A team of international researchers from Texas A&M University, the Federal University of Santa Maria in Brazil and the Brazilian Ministry of Education tracked the influence of essential oil Ocimum americanum (OAEO) when added to the diet of red drum.
That fish species, sometimes known as channel bass or spot-tail bass, is a common game fish found in the Atlantic Ocean.
The group published their results in Fish & Shellfish Immunology.
“The present study assessed the effect of different levels of dietary addition of the O. americanum EO (OAEO) on red drum (Sciaenops ocellatus) productive performance, non-specific immune responses, as well as pH and microbiota composition of the digestive tract,” they said.
The group found that use of the essential oil in laboratory settings did not alter the growth measures, whole-body composition or intestinal microbiota population, they said.
However, they found it did promote a beneficial immune response.
“The addition of OAEO up to 1.0 g/kg in the diet altered IPF deposition, pH of the stomach, and influenced the membrane fragility of red blood cells, besides enhancing non-specific immunomodulatory responses in red drum,” said researchers.
Why essential oils?
Plant-derived ingredients are generating interest as alternatives to use of antibiotic growth promoters and synthetic drugs, said the researchers. Such additives, they said, are considered to be safe for animals, people and better for the environment.
There also is interest in using them in aquaculture, they said. Several past studies have explored the use of plant extracts, essential oils (EOs) and plan-isolated compounds for farmed fish and demonstrated improvements in production or fish health.
“They [essential oils] contain a rich mixture of highly functional molecules with a wide spectrum of biological activity,” said the researchers. “Studies have demonstrated that EOs added to diets can activate the fish antioxidant defense system, enhance immune functions, change the intestinal morphology and microbiota, as well as increase digestibility and nutrient absorption.”
Plants from the Ocimum genus are more commonly called basil and have been explored for use as essential oils and medicinal plants, they said. It has been used as an antiseptic and to address digestive problems and in fish it has been attributed antifungal and antibacterial properties.
In the dietary tests, 240 juvenile fish were given diets with increasing amounts of the essential oil Ocimum americanum (OAEO), said the researchers. Diets included 0, 0.25g/kg diet, 0.5g/kg, 1g/kg and 2g/kg OAEO and were fed for seven weeks.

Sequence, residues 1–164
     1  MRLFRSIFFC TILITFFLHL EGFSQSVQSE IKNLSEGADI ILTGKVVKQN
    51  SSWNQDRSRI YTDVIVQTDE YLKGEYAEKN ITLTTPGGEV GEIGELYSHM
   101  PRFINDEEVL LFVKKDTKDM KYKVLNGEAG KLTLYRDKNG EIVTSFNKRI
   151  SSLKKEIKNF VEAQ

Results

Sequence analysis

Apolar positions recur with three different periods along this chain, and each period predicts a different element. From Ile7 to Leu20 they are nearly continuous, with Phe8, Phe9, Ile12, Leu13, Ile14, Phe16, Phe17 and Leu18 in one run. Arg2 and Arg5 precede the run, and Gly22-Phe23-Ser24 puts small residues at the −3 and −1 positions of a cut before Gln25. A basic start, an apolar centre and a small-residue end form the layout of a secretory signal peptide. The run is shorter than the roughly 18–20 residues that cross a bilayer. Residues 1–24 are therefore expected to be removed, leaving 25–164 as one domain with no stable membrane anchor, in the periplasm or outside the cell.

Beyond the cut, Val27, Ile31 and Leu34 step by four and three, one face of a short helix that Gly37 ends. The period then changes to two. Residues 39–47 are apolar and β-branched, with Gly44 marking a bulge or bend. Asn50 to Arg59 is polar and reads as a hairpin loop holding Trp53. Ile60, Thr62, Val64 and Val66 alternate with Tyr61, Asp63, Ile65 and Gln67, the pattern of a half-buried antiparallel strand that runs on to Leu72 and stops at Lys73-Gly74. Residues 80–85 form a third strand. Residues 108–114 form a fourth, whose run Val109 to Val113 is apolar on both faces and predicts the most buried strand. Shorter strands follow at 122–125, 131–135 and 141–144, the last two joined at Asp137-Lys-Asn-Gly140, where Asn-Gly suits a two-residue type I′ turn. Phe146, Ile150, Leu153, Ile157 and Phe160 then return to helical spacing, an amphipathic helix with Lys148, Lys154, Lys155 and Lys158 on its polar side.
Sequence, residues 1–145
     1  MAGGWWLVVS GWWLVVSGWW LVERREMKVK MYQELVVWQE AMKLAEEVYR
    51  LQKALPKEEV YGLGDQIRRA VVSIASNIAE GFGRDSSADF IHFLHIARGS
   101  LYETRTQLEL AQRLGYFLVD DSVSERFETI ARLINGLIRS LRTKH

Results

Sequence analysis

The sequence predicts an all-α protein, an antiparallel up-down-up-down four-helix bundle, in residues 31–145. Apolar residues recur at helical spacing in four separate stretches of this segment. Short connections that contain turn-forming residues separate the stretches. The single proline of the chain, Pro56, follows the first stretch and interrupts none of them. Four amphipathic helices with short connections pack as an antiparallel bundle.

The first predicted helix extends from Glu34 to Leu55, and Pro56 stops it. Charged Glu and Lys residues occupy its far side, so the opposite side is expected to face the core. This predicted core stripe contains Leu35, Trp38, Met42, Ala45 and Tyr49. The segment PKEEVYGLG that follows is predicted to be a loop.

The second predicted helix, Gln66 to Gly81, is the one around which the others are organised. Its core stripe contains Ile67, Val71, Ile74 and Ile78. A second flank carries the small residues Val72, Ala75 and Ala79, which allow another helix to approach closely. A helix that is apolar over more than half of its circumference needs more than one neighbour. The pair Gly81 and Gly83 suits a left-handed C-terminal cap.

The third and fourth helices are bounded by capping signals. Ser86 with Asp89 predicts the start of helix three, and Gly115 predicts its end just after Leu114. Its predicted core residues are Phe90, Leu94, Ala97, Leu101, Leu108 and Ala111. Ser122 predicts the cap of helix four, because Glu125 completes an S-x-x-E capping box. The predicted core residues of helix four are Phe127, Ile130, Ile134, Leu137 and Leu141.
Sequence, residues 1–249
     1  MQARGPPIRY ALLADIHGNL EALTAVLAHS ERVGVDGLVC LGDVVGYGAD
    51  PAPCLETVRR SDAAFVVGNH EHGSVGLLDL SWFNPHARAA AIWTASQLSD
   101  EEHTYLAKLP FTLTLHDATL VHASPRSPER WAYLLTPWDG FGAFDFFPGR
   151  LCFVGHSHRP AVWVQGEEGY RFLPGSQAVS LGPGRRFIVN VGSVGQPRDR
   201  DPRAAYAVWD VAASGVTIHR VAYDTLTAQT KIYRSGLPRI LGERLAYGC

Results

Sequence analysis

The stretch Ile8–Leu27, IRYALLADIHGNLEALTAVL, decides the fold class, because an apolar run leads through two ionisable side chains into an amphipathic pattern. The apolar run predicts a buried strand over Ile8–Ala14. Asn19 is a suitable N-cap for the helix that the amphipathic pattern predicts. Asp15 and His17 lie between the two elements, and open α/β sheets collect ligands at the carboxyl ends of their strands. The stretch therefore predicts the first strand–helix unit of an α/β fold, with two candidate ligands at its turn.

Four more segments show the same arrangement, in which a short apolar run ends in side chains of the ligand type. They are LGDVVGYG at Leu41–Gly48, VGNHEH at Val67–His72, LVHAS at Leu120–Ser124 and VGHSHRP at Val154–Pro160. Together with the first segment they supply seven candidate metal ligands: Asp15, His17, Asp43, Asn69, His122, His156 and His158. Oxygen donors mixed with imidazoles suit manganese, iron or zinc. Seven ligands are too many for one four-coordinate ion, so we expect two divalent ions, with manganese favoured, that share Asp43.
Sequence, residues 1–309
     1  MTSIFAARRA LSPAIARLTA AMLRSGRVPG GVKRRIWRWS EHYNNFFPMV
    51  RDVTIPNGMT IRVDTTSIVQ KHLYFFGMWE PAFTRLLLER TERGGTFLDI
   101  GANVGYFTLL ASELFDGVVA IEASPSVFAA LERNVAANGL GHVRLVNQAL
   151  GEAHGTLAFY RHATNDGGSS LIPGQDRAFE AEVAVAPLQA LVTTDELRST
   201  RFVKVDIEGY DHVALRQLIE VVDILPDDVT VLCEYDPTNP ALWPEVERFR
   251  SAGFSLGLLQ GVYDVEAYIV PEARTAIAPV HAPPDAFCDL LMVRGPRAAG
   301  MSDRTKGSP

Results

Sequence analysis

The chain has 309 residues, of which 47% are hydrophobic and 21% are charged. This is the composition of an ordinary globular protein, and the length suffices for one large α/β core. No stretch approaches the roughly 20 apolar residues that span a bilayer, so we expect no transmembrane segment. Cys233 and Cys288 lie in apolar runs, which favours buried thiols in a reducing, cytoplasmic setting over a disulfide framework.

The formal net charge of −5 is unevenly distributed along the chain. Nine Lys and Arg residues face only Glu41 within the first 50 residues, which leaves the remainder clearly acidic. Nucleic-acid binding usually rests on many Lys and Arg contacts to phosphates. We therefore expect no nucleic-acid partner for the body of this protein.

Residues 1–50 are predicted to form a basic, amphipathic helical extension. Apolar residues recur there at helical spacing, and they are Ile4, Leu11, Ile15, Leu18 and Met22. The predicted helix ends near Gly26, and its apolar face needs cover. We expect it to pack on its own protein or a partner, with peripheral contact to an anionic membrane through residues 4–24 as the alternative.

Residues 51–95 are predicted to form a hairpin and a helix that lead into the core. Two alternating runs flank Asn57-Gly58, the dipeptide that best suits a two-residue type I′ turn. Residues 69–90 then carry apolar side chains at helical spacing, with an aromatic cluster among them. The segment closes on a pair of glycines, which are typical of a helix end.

The basal diet included 40% crude protein from menhaden fishmeal, and soybean protein concentration, 10% total lipid from fish oil and dextrin, they said. The OAEO was added to the pelleted test diets in a mixture with the fish oil.
Biomass of each tank was assessed weekly, they said. Initial and final weights and fish lengths were recorded along with feed intake and relative weight gain (RWG), feed efficiency (FE) and condition factor (CF) were calculated.
Fish were harvested at the end of the trials and blood samples were taken, said the researchers. Lysozyme activity was established and erythrocyte osmotic fragility (EOF) was determined.
Digestive tracts from sample fish were collected along with stomach and intestinal contents to measure pH, they said. Intestinal microbiota profiles were established.
No significant differences were seen in whole-body composition or growth parameters including final weight, RWG, FE, CF, hepatosomatic index (HSI) or fillet yield (FY), said the researchers. The intestinal microbial community in fish getting the different diets also was similar and no changes were seen in plasma and intestinal lysosome measures along with the pH of the stomach after 6 hours.
But the essential oil did produce a reaction in terms of immunological responses, they said.
Fish getting the OAEO supplement at 1g/kg had more intraperitoneal fat (IPF) deposits and altered stomach pH after two hours along with a decrease in superoxide ion production when compared to fish not getting the supplement, they said. The hemolytic activity also increased in fish getting the OAEO supplement.
“Red blood cells from fish fed the lowest OAEO concentration (0.25 g/kg) showed significant lower fragility in erythrocyte osmotic fragility assay, but fish fed 0.5 and 1.0 g/kg showed significant higher erythrocyte fragility,” said the researchers.
Source: Fish & Shellfish Immunology
Title: Evaluation of Ocimum americanum essential oil as an additive in red drum (Sciaenops ocellatus) diets
Authors: FJ Sutili, AV Velasquez, CG Pinheiro, BM Heinzmann, DM Gatlin III, B Baldisserotto,